Monday, September 8, 2008

English and the Language Police

Recently, someone forwarded a YouTube video to me entitled "A Second American Revolution," and among the somewhat extreme rants about the demise of America and the threat to American culture was a clear emphasis on the need to make English the national language of the United States. I'll admit I've often been baffled by this issue, and while I don't know why I'd have any serious problem with the concept, something about the people who rail about it puts me off, and I tend to oppose it. Thus, I am an English teacher who is not in favor of making English the national language of the United States. However, that's true only in the sense that I'm not in favor of making any language the national language of the United States. For me, it is a rather redundant situation that is the equivalent of letting the world, as well as our own citizens, know that our country borders Mexico and Canada.

I've heard the frustration from people who are shocked that in America they need to "press 1 for English," and I can honestly understand the sense of bewilderment. Yet, I have to say that I don't imagine passing a law declaring English as the national language will eliminate that phone message. This being a free country, I would imagine any business can put whatever they want on their directory, and we will all still be pressing 1 for English. And, if the business gets a lot of Spanish-speaking callers, they're going to leave the option to press 2. It's not like a national language law will stop people from speaking other languages, nor should it. Really, how is the government going to stop all the Spanish speakers (code word for illegal immigrants) if they can't find them in the first place?

I've heard that the law would prevent licensing exams from being offered in foreign languages, but I'm not sure this is such a good idea. Obviously, there are legitimate reasons for this, but I would imagine a working knowledge of English is necessary to run most businesses. Additionally, the degree of fluency necessary to test well is not the same as being able to adequately run a shop or do manual labor. When I lived in Taiwan teaching English, I never passed the proficiency of a three-year-old in speaking Chinese, yet I was able to live a productive life for five years. All the research shows that by the second generation, 90% of American immigrants are fluent in English. While the parents may not ever acquire fluency - mainly because they're working too hard to support their family to take English classes - the children almost always are. Considering how bad Americans are at retaining their high school Spanish or French, perhaps we should cut some people some slack.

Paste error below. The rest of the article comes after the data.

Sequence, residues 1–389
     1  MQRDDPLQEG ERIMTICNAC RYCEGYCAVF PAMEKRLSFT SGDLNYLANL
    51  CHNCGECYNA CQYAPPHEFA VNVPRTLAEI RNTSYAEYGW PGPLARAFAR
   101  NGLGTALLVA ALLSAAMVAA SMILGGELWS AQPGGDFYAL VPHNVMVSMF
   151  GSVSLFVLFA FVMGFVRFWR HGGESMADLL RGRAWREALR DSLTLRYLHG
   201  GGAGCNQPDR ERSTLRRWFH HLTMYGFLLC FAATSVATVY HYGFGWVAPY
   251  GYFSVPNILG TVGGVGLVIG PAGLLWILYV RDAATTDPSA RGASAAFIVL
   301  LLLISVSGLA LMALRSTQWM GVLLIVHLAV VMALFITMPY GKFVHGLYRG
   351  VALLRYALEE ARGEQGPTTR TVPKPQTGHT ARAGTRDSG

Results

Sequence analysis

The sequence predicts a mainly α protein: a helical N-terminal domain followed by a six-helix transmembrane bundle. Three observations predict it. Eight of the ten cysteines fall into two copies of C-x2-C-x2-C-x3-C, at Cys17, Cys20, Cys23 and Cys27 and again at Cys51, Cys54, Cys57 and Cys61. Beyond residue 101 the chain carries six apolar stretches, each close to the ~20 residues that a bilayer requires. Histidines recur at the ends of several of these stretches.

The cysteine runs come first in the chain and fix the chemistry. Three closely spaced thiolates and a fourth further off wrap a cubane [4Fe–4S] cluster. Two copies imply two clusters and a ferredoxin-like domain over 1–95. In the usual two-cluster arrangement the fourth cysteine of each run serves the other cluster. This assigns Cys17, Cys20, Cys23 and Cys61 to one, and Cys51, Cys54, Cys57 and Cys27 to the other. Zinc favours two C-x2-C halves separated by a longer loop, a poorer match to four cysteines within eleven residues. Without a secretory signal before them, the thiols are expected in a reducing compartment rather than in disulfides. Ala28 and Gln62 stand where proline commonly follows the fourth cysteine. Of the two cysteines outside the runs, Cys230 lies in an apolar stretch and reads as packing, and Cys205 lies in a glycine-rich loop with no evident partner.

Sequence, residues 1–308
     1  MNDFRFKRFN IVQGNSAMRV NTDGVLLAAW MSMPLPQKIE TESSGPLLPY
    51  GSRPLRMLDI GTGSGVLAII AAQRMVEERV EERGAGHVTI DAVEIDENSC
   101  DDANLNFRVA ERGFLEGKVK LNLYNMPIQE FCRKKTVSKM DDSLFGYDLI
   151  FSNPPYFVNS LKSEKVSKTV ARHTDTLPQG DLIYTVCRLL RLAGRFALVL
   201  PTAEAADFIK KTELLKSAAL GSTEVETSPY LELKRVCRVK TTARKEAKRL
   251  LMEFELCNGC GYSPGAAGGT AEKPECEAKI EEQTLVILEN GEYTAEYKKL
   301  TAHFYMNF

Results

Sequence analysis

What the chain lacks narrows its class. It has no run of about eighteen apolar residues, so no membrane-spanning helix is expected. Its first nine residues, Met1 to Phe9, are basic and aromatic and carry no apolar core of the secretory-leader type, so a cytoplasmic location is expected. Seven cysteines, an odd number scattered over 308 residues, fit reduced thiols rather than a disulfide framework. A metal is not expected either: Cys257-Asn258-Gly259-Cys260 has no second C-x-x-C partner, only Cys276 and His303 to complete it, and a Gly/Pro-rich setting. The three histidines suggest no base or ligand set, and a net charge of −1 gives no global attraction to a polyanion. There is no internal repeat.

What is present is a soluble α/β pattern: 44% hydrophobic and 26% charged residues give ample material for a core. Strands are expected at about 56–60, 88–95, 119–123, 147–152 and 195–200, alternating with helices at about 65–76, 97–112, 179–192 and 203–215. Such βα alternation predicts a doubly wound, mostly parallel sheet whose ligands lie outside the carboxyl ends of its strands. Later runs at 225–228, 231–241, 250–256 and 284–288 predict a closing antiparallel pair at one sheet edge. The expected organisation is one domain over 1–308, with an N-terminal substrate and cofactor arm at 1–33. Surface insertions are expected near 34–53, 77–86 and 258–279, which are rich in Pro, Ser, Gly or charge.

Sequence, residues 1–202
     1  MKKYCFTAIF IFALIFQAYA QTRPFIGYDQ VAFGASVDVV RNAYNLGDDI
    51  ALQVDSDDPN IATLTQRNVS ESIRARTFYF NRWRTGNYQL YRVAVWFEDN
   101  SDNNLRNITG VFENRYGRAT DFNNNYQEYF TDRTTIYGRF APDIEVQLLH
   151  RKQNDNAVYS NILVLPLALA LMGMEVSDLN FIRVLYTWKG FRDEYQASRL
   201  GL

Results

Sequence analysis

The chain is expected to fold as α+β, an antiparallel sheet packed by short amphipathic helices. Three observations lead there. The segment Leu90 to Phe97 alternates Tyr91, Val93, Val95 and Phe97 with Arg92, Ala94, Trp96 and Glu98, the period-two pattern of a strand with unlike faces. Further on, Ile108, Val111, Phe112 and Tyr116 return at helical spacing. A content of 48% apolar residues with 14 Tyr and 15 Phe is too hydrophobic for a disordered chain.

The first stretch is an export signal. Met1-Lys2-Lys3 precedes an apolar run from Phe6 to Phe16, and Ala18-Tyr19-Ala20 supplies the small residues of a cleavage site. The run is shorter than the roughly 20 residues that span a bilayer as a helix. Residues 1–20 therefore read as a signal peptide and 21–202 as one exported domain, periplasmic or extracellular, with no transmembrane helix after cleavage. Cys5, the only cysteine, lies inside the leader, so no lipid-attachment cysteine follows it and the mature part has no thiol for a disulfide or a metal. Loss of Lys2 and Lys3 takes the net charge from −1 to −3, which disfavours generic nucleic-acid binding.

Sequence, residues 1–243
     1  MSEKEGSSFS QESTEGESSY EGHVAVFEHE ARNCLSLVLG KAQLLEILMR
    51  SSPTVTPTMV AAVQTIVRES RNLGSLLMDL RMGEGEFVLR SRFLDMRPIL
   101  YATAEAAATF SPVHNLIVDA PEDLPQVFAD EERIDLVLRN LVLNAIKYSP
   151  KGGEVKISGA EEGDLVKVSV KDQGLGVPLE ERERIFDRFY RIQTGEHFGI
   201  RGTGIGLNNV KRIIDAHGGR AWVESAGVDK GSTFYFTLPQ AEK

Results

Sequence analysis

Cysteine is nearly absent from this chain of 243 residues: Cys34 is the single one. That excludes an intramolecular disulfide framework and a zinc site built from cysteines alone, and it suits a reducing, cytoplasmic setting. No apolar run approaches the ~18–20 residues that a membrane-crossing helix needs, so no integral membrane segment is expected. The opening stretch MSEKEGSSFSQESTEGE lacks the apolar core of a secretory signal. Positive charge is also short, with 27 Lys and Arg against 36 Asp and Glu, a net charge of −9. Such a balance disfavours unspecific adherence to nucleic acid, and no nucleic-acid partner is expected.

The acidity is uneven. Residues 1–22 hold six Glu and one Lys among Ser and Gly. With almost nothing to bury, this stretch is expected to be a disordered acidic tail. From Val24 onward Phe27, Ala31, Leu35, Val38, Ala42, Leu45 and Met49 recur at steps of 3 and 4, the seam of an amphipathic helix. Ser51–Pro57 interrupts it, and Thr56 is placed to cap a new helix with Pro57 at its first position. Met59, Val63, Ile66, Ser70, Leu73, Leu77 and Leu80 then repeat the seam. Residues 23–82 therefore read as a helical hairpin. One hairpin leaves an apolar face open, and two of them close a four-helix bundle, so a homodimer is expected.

1 comment:

Kelvin Oliver said...

A law should be created to allow immigrants the chance of learning English that allows them to not be just be in the United States, but to be part of the culture, the business world, and the modern lifestyle. In short, English will allow immigrants to have the advantage of having freedom without being lost in the world. Though I can't do much that will force government officials to make a law or what have you, however, the U.S. should have one official language.

A good essay to read is "Why And When We Speak Spanish Among Ourselves in Public" by Myriam Marquez. Often times when someone speaks another language around us, we always think that are talking about us. Sometimes that may not be the case; however, this writer puts it in writing on why they speak their native language in public. We can't contradict everyone, but we sure can take time to understand and learn them.